Semenov’s volume only slightly broadens the list of Russian Requeté combatants known already from the requetes.com service, yet it provides more detail and names in original transcription. We can now determine that e.g. a Russian officer of Tercio Maria de Molina, referred to as „Peluquín” in Aróstegui (p. 546) is most likely Яков Полухин (Yakov Polukhin, born 1895 p. 148, in requetes.com listed as „Poluhin Jakob”), „Illin” (p. 548) is most likely Борис Ильин (Boris Illin, born 1910, p. 145) and „Fot”, is perhaps Анатолий Фок (Anatoliy Fok, born 1879, p. 150, in requetes.com listed as „Anatole Fock”). However, there are cases which still remain unclear: „Krivochensko” (Aróstegui p. 548) might be one of the Кривошея (Krivosheya) brothers (pp. 146-7), though other names also seem to be a close match. There is some additional detail on fightings in Biscay (Ochandiano, p. 89), Aragón (Quinto de Ebro, pp. 93-95) and Extremadura (Monterrubio, pp. 211-215) and on outstanding Russian personalities, like Анатолий Фок or Николай Шинкаренко. The volume provides also interesting though rather anecdotal evidence; it falsifies claims that the Carlists did not resort to „Arriba España” cries (p. 212), testifies that the Carlists were very much visible as far South as in Cádiz (pp. 205-206) and – which seems surprising – notes that also in the very heat of the battle the Spanish Requetés were addressing their Russian comrades „de usted” (p. 213). Some parallels drawn by the Russians are telling, even though they do not refer to the Carlist realm: Burgos as headquarters of the Nationalists is compared to Ekaterinodar during the Russian Civil War (p. 207) and the Nationalist rising itself is compared to Kornilov’s affair (p. 56).
The book suggests that there were at least 8 Russians who died in combat when serving in Requeté units, which would make up for an extraordinarily high 17% KIA ratio. Unfortunately, there is no section on post-war fate of the survivors, even though it seems that for many the war changed their personal lot. The requetes.com site lists some 20 Russians who apparently remained in Spain and passed away there in the 1960s, 1970s or the 1980s; this would suggest that some 45% of all Russian Requeté combatants did not return to France or their original emigration country and opted for a new homeland. Unfortunately the author did not decide to track their fate, which after all was also part of the Russian emigration history. Following two key chapters on volunteers to both sides Semenov proceeds to offers a brief concluding section (pp. 138-141). His work consists also of some 100 pages of appendices (pp. 142-246). They contain already mentioned tables with lists of Nationalist and Republican volunteers, few articles from the Russian press, ROVS-related documents and excerpts from Russian letters and memoirs, some of them particularly interesting as containing unedited first-hand record on the Carlists as perceived by the Russians. The list of sources consulted reveals that the author was allowed access to Russian archives which usually remain out-of- reach for foreign scholars and that the secondary literature consulted contains only few titles printed beyond Russia or the USSR. Overall evaluation of the volume is not the objective of this review; contribution to the Carlist and Requeté history seems rather modest.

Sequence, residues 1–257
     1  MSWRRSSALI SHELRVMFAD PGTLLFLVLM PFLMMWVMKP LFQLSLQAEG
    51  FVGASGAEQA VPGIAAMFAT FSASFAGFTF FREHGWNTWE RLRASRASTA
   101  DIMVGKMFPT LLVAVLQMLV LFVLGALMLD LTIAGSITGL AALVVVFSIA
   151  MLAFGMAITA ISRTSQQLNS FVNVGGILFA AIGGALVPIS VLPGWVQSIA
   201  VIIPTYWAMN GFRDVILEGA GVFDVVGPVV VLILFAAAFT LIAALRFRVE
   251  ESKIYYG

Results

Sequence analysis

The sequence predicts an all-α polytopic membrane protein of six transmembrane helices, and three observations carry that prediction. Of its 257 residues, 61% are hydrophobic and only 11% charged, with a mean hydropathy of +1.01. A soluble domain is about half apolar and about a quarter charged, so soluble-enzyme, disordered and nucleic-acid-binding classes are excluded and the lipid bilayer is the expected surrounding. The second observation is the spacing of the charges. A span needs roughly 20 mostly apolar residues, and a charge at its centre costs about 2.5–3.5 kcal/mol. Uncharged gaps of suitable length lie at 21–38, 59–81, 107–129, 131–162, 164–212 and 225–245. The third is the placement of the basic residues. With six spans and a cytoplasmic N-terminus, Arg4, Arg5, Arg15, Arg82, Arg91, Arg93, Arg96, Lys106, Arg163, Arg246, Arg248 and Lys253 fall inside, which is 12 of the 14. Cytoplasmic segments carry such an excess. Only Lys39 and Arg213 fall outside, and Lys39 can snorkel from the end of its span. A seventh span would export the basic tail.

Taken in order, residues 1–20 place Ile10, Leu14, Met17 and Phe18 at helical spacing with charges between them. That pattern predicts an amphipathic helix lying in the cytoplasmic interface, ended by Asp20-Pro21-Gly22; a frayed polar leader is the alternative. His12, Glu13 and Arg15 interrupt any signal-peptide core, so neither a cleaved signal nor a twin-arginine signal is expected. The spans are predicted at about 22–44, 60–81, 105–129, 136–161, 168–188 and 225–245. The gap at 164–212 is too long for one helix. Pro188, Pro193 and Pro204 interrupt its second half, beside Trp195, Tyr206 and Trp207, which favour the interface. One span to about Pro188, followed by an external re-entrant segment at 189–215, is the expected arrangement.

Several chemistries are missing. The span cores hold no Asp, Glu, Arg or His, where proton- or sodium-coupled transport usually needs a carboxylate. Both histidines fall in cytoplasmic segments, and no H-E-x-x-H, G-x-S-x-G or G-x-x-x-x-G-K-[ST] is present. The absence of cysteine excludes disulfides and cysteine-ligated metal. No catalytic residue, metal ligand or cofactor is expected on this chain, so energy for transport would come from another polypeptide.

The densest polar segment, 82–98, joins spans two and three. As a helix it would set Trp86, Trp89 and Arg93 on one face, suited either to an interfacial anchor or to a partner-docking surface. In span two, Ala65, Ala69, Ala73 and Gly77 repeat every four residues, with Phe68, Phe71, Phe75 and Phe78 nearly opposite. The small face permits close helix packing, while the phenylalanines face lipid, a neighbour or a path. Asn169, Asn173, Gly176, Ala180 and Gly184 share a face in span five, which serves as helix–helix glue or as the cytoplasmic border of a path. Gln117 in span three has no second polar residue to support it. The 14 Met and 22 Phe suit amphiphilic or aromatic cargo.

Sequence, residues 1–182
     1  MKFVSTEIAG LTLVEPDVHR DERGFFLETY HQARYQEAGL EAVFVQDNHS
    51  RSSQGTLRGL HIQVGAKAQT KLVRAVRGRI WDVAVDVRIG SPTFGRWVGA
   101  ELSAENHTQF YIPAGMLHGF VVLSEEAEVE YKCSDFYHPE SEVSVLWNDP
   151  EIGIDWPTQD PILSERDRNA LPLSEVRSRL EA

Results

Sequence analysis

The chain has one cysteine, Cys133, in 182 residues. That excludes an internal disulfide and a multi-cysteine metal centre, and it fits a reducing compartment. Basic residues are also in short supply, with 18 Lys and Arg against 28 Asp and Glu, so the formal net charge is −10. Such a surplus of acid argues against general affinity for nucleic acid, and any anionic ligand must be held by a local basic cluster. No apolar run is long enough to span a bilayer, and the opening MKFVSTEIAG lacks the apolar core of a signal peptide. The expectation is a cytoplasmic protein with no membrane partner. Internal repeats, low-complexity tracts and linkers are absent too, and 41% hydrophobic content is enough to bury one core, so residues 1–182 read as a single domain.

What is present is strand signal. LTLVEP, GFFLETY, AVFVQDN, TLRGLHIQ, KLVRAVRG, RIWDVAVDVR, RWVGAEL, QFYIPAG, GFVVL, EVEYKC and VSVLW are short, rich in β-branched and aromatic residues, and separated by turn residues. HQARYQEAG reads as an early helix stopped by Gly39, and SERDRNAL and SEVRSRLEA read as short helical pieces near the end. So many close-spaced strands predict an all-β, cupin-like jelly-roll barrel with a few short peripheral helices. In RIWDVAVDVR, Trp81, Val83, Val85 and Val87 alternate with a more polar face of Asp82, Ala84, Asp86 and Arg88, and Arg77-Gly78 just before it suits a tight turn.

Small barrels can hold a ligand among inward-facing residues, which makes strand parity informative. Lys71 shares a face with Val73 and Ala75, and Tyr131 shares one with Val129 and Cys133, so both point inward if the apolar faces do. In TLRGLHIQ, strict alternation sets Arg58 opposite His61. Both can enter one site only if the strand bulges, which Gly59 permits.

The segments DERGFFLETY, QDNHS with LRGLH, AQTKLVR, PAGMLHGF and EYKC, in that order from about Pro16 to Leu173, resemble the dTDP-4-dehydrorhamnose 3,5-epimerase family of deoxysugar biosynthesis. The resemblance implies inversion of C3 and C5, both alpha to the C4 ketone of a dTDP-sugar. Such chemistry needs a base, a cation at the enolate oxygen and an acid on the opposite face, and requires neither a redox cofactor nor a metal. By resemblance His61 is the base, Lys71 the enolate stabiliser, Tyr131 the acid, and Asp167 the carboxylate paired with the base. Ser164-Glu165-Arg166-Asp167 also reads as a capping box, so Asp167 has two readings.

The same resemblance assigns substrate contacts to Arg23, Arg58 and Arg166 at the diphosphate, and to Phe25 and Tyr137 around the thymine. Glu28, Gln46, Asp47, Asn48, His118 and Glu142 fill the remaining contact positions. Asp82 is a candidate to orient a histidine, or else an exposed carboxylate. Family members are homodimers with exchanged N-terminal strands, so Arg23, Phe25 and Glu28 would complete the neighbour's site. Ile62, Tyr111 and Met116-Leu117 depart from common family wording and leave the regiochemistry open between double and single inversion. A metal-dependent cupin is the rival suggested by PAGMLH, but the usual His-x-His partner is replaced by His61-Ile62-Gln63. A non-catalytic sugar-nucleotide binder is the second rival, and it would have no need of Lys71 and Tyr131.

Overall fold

viernes, 4 de agosto de 2017
White Russians in the Requeté: Константин Константинович Семенов, Русская эмиграция и гражданская война в Испании 1936-1939 гг.
Etiquetas: Requetés, Константин Константинович Семенов, Русская эмиграция и гражданская война в Испании 1936-1939 гг.